I think that all these QQers DO like WoW. The like it a lot because inside it, they can see something that they really really enjoy. Here's the trick though: They QQ because WoW is
that thing they want it to be.
If I have no interest whatsoever in playing video games, I'm not going to QQ about World of Warcraft. I'm going to skip over it entirely and go play volleyball, or whatever it is I do. No worries, no complaining, no hard feelings. WoW goes its own way, I go mine.
If I play video games, but I don't like MMOs, then I might QQ a little about WoW.
is an ideal example (and if you're not watching those reviews already, you should be). He's not an MMO fan, and he doesn't pretend to be. He's a game reviewer, so occasionally he reviews an MMO—but he makes it clear from the beginning that it's not his thing. So he complains a little bit about WoW and what it does to the game industry—in typically hilarious fashion—and moves on. He doesn't spend much time on it.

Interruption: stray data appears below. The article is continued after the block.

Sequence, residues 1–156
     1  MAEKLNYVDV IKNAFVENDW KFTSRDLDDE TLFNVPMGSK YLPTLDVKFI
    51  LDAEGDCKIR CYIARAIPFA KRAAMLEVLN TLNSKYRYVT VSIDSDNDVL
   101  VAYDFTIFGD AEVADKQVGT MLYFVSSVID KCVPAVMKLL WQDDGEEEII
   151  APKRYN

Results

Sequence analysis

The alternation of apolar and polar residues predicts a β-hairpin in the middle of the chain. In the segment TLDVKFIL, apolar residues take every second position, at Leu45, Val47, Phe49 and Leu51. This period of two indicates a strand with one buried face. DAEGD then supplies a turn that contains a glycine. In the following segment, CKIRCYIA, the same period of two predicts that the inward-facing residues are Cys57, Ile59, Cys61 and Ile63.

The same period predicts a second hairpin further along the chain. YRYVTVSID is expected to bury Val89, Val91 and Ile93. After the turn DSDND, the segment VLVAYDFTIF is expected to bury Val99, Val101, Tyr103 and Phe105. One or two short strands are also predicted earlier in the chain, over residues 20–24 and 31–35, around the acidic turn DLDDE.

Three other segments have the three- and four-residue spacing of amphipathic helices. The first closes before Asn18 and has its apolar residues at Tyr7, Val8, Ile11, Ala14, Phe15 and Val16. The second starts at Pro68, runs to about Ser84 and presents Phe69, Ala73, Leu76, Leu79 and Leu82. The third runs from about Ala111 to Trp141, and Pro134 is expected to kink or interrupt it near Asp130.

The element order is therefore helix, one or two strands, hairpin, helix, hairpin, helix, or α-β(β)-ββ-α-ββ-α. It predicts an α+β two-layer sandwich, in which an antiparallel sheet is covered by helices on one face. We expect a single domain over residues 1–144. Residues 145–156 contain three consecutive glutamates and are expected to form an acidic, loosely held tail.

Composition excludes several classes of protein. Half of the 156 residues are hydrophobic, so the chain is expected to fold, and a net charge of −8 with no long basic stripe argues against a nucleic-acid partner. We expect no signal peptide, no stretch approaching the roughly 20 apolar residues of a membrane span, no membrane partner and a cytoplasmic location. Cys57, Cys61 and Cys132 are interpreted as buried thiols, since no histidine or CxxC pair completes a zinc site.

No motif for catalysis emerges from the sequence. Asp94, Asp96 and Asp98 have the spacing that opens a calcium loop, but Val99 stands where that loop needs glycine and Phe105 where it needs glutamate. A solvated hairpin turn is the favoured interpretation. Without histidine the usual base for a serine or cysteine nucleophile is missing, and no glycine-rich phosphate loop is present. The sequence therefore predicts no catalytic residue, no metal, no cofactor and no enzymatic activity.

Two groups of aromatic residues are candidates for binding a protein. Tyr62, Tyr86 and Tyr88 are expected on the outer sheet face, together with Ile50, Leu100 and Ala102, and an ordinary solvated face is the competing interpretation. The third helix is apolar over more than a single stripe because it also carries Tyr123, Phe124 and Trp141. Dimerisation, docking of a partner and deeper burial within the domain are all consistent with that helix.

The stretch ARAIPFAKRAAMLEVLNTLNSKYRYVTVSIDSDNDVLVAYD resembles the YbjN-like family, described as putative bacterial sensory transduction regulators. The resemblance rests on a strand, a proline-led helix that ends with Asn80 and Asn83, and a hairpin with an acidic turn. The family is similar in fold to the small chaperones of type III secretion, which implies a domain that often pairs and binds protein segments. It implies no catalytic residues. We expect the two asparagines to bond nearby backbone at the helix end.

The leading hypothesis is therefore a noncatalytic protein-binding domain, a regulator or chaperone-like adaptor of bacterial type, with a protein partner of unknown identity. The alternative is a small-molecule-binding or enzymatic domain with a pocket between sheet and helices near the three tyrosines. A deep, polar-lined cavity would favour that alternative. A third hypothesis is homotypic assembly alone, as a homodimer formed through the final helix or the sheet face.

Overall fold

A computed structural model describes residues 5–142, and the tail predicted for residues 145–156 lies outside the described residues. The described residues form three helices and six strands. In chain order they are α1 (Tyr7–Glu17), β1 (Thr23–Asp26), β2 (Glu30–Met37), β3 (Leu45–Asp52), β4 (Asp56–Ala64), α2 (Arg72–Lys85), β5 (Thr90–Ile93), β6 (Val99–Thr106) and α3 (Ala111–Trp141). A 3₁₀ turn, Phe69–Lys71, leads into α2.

It's only when you look at people who actually play WoW that you find the really
QQing. Why is this? Why is it that the closer you get to the thing you're complaining about, the more vicious your complaints seem to be? What's the unifying factor?
People don't QQ about things they think are bad. They QQ about things they think are
People complain about WoW not because they think WoW is terrible. They complain because they think WoW
to be good, until....something. The "something" is always different. Sometimes the game was awesome until Jeff Kaplan and Tom Chilton took over. Sometimes it was awesome until it started focussing too much on battlegrounds, or arenas, or even the latest arena season. Sometimes the thing that spoiled it was TBC, sometimes it was WotLK. Some people feel like the pve was awesome until the pvp started getting in the way, others feel that the pvp was awesome until the pve started detracting from it. But the common theme is the same—something awesome has been spoiled.
The same is even true when you look at things—like the